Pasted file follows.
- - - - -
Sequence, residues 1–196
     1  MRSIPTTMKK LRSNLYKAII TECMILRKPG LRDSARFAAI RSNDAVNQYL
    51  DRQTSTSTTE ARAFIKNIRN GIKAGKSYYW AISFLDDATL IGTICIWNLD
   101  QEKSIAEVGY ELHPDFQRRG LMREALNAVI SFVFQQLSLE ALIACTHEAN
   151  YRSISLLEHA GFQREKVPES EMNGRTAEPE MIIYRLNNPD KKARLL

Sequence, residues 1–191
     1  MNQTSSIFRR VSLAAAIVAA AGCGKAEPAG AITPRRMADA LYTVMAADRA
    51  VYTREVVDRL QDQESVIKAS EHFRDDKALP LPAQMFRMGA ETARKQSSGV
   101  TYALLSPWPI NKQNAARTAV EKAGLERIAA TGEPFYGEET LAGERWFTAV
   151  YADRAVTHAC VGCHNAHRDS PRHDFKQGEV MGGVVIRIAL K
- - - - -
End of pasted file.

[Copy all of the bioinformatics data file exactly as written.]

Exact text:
Sequence, residues 1–196
     1  MRSIPTTMKK LRSNLYKAII TECMILRKPG LRDSARFAAI RSNDAVNQYL
    51  DRQTSTSTTE ARAFIKNIRN GIKAGKSYYW AISFLDDATL IGTICIWNLD
   101  QEKSIAEVGY ELHPDFQRRG LMREALNAVI SFVFQQLSLE ALIACTHEAN
   151  YRSISLLEHA GFQREKVPES EMNGRTAEPE MIIYRLNNPD KKARLL

Sequence, residues 1–191
     1  MNQTSSIFRR VSLAAAIVAA AGCGKAEPAG AITPRRMADA LYTVMAADRA
    51  VYTREVVDRL QDQESVIKAS EHFRDDKALP LPAQMFRMGA ETARKQSSGV
   101  TYALLSPWPI NKQNAARTAV EKAGLERIAA TGEPFYGEET LAGERWFTAV
   151  YADRAVTHAC VGCHNAHRDS PRHDFKQGEV MGGVVIRIAL K